Overweight can cause depression, study finds

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In a new study from the University of Exeter, researchers found further evidence that being overweight causes depression and lowers wellbeing.

With one in four adults estimated to be obese in the UK, and growing numbers of children affected, obesity is a global health challenge.

While the dangers of being obese on physical health is well known, researchers are now discovering that being overweight can also have a big impact on mental health.

In the study, the team used genetic analysis to examine whether the causal link is the result of psychosocial pathways, such as societal influences and social stigma, or physical pathways, such as metabolic conditions linked to higher BMI.

Such conditions include high blood pressure, type 2 diabetes and heart disease.

The team examined genetic data from more than 145,000 participants from the UK Biobank with detailed mental health data available.

They analyzed genetic variants linked to higher BMI, as well as outcomes from a clinically relevant mental health questionnaire designed to assess levels of depression, anxiety and wellbeing.

The team also interrogated two sets of previously discovered genetic variants.

One set of genes makes people fatter, yet metabolically healthier, meaning they were less likely to develop conditions linked to higher BMI, such as high blood pressure and type 2 diabetes.

The second set of genes analyzed makes people fatter and metabolically unhealthy, or more prone to such conditions.

The team found little difference between the two sets of genetic variants, indicating that both physical and social factors play a role in higher rates of depression and poorer wellbeing.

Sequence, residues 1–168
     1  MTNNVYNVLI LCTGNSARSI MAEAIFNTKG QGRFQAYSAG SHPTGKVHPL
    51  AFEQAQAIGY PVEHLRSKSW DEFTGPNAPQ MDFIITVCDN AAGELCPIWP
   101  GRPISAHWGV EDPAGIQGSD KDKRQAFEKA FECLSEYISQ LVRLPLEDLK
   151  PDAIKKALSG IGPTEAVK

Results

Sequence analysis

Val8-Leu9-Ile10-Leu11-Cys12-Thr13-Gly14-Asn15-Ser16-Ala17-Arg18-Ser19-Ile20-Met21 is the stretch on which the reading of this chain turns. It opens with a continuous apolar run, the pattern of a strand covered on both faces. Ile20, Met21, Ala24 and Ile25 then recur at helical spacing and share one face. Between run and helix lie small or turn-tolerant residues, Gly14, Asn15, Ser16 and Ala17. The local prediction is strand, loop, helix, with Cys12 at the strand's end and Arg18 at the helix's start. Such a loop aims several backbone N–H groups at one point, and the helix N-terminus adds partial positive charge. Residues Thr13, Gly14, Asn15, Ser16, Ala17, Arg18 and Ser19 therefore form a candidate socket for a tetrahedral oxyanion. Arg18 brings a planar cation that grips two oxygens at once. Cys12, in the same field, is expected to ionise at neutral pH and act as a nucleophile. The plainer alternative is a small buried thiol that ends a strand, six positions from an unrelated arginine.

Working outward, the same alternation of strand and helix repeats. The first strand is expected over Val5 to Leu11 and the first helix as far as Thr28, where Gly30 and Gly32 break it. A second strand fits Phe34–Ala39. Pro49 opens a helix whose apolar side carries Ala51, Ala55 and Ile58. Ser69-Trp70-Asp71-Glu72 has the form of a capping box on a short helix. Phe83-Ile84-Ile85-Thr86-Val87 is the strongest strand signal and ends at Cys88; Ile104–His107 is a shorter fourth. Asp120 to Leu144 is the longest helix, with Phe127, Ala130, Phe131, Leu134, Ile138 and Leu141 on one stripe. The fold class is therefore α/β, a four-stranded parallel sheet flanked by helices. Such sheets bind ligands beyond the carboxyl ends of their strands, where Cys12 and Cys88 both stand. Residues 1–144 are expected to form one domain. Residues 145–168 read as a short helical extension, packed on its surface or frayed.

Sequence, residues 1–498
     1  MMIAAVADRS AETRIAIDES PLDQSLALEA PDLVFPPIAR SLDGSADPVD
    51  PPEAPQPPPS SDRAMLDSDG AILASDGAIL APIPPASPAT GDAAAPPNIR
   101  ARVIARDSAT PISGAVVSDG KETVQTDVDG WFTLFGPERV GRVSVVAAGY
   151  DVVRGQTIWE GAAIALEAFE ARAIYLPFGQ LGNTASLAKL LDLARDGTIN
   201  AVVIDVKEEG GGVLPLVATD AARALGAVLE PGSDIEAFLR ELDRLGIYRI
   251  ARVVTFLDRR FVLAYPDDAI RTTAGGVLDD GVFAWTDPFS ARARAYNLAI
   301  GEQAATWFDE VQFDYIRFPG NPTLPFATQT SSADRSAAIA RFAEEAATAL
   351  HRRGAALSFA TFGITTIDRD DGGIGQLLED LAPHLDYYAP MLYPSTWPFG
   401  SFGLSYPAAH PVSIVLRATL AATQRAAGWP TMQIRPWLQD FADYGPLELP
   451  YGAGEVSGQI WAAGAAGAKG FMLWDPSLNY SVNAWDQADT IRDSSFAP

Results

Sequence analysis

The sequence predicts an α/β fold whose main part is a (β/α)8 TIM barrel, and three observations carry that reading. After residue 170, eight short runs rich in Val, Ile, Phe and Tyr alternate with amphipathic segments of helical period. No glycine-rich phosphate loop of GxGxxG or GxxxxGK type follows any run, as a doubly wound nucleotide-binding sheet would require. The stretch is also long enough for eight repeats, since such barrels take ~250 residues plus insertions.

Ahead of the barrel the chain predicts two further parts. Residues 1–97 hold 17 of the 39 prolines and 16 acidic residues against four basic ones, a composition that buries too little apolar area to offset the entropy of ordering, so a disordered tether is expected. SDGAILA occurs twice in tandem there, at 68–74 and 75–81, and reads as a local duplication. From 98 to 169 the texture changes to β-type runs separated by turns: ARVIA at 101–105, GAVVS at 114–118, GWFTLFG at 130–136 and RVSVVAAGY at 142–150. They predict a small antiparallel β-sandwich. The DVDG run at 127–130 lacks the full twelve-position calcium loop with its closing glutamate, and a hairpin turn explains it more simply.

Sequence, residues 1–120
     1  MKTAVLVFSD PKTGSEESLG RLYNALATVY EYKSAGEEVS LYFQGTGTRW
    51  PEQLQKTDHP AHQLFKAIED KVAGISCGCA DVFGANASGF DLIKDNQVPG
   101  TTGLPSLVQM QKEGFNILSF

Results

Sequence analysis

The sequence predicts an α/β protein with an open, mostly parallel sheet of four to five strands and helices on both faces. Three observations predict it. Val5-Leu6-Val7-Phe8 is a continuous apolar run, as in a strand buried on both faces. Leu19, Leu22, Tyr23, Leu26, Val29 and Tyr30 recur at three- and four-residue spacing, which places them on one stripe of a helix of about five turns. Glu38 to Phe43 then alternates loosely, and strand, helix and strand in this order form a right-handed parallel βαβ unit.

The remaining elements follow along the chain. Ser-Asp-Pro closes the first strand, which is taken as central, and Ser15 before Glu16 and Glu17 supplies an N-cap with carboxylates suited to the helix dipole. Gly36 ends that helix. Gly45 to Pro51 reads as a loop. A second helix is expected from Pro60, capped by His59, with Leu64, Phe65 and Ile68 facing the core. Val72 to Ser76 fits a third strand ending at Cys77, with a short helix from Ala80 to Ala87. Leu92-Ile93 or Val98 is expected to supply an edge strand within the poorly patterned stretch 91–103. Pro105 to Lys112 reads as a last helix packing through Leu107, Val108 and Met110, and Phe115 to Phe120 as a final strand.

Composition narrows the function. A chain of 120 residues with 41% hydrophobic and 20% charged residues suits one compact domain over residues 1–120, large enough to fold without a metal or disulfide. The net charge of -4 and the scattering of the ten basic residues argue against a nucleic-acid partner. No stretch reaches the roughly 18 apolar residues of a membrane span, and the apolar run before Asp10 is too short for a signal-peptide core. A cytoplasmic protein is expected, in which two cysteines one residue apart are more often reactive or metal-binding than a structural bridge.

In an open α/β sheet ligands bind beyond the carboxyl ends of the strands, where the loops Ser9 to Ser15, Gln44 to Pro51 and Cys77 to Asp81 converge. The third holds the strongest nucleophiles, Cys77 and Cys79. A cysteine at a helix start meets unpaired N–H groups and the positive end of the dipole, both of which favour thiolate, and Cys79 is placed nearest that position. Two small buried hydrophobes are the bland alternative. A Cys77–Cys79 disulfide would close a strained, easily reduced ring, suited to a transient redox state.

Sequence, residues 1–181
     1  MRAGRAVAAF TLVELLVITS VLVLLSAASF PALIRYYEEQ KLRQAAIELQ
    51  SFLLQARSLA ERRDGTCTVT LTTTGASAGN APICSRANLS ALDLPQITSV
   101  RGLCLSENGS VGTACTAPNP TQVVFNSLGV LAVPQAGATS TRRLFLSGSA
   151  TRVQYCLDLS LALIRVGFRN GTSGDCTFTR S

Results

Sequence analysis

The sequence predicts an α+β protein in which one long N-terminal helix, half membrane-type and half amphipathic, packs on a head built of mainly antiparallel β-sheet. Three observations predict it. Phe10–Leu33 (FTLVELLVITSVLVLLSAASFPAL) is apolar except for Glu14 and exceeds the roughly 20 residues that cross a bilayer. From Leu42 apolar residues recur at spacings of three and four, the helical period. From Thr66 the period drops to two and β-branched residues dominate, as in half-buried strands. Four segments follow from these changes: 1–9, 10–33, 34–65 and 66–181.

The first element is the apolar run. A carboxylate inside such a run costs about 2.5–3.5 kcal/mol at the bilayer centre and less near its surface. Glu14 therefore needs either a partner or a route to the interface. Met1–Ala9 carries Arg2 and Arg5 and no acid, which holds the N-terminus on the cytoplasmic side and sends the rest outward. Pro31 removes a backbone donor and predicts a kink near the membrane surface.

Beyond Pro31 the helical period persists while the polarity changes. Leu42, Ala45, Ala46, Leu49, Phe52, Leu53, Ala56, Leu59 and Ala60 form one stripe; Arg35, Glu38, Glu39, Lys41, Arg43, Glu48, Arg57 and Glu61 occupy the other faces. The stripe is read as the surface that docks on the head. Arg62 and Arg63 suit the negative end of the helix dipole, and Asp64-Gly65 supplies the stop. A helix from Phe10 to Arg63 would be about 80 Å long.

The team says obesity and depression are both major global health challenges, and this study provides the most robust evidence to date that higher BMI causes depression.

Understanding whether physical or social factors are responsible for this link can help inform effective strategies to improve mental health and wellbeing.

The research suggests that being fatter leads to a higher risk of depression, regardless of the role of metabolic health.

This suggests that both physical health and social factors, such as social stigma, both play a role in the relationship between obesity and depression.

If you care about depression, please read studies about this metal in the brain strongly linked to depression and findings of a core feature of depression.

For more information about depression and your health, please see recent studies about this health problem may double your depression risk and results showing why is it so hard to withdraw from some depression drugs?

The study is published in Human Molecular Genetics. One author of the study is Jess O’Loughlin.

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